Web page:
News & Resources

Manhattan Supreme Court approves the continued selling of tenant data

Nov 21, 2011 Matt Roesly

The State Supreme Court in Manhattan has dismissed the lawsuit against the New York court system regarding its process of selling tenant information to third parties, Thomson Reuters reports. The lawsuit, filed in October, claimed the court's practices were in violation of civilian constitutional rights, as the information sold was claimed as confidential. In addition, the suit claims the court system doesn't do enough to ensure the information sold isn't used illegally, which may prevent a tenant from finding a residence. The court system's aim of selling such data is to expose poor tenant records to better inform landlords and property investors - in essence, an added background screening. The Supreme Court ultimately agreed with that notion. John McConnell, Office of Court Administration lawyer, wrote the plaintiff's complaint was blown out of proportion and ungrounded. "Taken to their logical conclusion, OCA could be subject to a widespread bar on publishing virtually all electronic case data derived from otherwise open judicial proceedings, since parties can always claim that third persons, including prospective employers, insurers or any number of actors in the marketplace, could use court information in ways having a negative impact on parties involved in litigation,"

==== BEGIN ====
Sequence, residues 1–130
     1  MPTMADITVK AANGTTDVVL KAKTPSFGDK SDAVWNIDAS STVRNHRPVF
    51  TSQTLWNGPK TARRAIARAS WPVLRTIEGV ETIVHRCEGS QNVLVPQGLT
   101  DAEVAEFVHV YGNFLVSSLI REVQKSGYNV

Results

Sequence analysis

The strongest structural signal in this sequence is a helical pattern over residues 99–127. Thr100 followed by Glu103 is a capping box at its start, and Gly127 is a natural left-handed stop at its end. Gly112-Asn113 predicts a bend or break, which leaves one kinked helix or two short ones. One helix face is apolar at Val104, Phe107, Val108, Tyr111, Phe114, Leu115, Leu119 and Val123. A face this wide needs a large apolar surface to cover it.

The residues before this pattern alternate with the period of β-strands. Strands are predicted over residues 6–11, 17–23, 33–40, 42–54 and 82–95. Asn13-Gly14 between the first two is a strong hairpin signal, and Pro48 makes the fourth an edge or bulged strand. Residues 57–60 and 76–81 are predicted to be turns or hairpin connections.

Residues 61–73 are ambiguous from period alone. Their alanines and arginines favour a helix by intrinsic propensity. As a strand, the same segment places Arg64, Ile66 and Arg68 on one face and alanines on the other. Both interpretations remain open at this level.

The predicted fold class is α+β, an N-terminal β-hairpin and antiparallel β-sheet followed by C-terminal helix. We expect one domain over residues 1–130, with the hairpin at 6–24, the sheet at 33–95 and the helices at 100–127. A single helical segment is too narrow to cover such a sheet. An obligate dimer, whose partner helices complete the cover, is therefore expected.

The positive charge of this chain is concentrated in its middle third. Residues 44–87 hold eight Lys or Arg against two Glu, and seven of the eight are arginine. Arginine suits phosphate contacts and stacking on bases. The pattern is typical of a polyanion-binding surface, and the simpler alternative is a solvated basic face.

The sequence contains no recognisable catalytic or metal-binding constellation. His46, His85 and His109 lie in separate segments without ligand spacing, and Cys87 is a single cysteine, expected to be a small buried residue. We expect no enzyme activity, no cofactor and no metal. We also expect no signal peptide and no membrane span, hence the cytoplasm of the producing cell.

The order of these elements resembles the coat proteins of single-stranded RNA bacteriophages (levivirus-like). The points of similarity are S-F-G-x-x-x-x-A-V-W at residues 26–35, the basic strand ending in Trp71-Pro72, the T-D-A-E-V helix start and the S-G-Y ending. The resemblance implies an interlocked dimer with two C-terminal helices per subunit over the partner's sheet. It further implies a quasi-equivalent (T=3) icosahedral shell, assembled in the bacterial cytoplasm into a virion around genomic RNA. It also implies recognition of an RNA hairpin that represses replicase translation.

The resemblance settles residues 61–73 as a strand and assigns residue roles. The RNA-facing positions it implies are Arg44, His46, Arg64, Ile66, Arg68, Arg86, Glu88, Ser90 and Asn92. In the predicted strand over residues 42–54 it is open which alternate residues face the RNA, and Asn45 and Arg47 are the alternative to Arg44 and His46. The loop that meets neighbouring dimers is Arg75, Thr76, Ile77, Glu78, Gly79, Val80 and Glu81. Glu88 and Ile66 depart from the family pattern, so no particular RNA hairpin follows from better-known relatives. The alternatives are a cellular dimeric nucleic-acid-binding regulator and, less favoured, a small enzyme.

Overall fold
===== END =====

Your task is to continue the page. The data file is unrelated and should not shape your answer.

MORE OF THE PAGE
McConnell said.